As I have shown elsewhere*, Smith is emphatic that one can only realize one’s self-interest by addressing the self-interest of others with whom one necessarily transacts to acquire what we want (WN I.ii.2: 26-7).

‘This “just” requires a little help from the “Invisible Hand”. Here I forego an opportunity to take Benjamin Friedman to task on repeating this blatant modern error on Smith use of the invisible hand metaphor (see numerous earlier postings on Lost Legacy).

What is most interesting, however, is Benjamin’s ‘fascinating account of how religious movements in the 17th and 18th century Europe may have influenced the thinkers of the time, in casu Adam Smith.’ I would be most interested in reading this paper, which observes that:

The orthodox Calvinism considered individuals as being utterly depraved and in vicious pursuit of self-interest. … Moreover, since many of the people shaping the development of the economic sciences were out of religious movements, Friedman argues that the religious movements of the times have had influence not only on economics previously, but also to present day.

Benjamin concedes that Smith ‘was not religious’ (a view I share: see my forthcoming article, The Hidden Adam Smith in his Alleged Theology in the forthcoming Journal of the History of Economic Thought, September, 2011).

I only observe for now that as most university educated persons tended to conform, at least outwardly despite their private views, to Calvinism in the four Scottish universities and to the Church of England in the two English universities, it was inevitable that many authors were nominally ‘out of religious movements’ without necessarily agreeing with their more imaginative precepts, as represented by the zealots in the Churches.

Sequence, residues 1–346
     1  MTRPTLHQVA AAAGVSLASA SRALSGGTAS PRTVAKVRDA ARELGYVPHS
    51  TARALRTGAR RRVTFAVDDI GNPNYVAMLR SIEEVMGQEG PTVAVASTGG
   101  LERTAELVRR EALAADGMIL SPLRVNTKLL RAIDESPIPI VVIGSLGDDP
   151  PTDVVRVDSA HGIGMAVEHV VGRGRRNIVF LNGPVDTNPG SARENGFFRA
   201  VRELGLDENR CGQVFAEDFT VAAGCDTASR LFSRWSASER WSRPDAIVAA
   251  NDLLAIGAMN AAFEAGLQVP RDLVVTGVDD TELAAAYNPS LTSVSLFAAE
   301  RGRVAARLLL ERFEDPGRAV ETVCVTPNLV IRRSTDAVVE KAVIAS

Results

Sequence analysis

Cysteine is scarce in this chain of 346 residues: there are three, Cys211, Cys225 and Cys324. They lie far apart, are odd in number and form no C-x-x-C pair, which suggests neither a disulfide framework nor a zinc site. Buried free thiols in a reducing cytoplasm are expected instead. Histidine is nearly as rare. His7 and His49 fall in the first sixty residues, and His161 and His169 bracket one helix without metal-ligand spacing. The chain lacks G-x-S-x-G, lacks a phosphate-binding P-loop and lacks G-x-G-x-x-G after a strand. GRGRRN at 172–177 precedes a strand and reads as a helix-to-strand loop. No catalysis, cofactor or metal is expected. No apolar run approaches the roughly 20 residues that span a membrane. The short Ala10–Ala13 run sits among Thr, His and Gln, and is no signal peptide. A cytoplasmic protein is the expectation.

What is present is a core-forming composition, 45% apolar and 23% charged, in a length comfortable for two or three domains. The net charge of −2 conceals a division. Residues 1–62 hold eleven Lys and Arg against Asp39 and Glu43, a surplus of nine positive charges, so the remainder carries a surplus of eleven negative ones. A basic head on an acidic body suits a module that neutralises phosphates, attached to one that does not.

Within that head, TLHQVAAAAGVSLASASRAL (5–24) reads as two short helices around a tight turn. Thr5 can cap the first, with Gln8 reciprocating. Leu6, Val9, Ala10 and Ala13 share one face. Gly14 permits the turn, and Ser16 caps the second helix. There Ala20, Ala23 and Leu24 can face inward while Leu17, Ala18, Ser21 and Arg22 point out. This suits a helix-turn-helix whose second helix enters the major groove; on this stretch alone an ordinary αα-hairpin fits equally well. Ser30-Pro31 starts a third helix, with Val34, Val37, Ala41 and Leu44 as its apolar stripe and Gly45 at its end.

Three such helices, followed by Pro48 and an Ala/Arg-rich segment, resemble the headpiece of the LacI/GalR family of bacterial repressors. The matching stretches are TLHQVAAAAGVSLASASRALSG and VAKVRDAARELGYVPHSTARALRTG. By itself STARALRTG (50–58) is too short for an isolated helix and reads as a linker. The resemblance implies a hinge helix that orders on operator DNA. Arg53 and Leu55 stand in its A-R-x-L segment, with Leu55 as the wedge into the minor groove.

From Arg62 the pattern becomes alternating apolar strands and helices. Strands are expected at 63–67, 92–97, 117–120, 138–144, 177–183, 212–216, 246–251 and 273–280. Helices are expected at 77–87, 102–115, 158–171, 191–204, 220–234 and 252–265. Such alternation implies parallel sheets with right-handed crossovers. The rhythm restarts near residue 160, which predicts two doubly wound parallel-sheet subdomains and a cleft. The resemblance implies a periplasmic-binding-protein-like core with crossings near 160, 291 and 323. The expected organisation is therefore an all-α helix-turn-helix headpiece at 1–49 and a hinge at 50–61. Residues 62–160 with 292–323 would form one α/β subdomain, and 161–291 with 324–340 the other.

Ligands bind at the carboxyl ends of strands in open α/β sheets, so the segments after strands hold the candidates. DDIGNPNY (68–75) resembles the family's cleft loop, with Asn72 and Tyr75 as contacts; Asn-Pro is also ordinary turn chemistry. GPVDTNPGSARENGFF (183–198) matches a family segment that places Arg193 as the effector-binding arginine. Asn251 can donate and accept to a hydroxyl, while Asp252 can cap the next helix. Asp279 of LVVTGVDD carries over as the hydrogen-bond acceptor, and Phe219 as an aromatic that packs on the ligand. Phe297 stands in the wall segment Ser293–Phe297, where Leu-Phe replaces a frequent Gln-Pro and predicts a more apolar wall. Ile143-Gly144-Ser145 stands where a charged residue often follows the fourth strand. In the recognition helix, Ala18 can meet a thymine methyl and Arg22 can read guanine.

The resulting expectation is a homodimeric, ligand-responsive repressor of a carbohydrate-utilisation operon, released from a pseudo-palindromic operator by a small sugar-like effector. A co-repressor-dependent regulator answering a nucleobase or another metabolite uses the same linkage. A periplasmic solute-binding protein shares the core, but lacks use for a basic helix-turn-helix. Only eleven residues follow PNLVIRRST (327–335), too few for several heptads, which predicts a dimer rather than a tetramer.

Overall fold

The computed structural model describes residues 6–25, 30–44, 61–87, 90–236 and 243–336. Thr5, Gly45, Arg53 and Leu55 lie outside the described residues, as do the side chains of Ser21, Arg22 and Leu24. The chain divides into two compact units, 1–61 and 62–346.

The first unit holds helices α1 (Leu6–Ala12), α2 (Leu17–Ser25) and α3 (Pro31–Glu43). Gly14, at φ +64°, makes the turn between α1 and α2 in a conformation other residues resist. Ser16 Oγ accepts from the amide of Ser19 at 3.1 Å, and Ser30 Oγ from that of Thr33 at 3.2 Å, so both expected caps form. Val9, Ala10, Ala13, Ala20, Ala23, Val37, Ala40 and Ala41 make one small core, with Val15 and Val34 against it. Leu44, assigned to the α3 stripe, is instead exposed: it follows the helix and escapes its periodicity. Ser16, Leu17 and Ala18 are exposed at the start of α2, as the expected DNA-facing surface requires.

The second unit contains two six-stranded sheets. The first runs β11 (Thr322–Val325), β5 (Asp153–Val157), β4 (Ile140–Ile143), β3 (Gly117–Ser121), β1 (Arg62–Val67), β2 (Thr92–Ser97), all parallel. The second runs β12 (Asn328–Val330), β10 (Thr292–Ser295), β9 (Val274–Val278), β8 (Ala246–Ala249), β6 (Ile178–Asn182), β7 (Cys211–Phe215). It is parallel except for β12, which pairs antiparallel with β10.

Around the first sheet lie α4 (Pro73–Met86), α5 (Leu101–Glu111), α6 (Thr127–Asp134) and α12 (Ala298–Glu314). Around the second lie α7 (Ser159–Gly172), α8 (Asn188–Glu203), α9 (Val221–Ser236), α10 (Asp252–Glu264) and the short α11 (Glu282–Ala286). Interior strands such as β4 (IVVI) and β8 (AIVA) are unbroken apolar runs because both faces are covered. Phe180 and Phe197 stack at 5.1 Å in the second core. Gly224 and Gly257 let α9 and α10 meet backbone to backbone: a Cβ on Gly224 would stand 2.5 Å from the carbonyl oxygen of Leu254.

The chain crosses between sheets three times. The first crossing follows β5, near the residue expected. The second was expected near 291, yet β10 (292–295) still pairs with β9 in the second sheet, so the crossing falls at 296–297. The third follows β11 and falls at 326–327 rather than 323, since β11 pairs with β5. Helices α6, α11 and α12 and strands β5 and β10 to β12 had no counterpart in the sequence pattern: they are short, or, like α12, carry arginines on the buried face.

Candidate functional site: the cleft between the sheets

I think that Benjamin’s paper deserves greater scrutiny and I intend to follow it up when able to access a university library.

* Kennedy, G. [2008] 2010. ‘Adam Smith: a moral philosopher and his political economy’, 2nd edition, Palgrave Macmillan, London.

Postscript"

Warren Samuels [a distinguished historian of economic thought] in his reflections on Veblen in the Journal of Economic Issues (1995) writes:

"Veblen was the great demystyfier. He emphasized that human arrangements are in a process of Darwinian evolutionary flux, without ultimate ontological causation, meaning, or normative status."

"The reason why Veblen provided no blueprint for the future, aside from some relatively innocent but informed speculations, is that he believed that the future would have to be worked out, that one could not set it forth once and for all time. Veblen was a true existentialist, pragmatist, instrumentalist, and evolutionist; the world of future would have to be made by those who applied their tests of workability and so on, not by some armchair intellectual."

From Sumitra Shah, a fellow Historian of Economic Thought.

Comment
I agree with Samuels on Veblen. Predictors are the modern equivalent of witch doctors. Like war plans - they last to the initial contact with the enemy.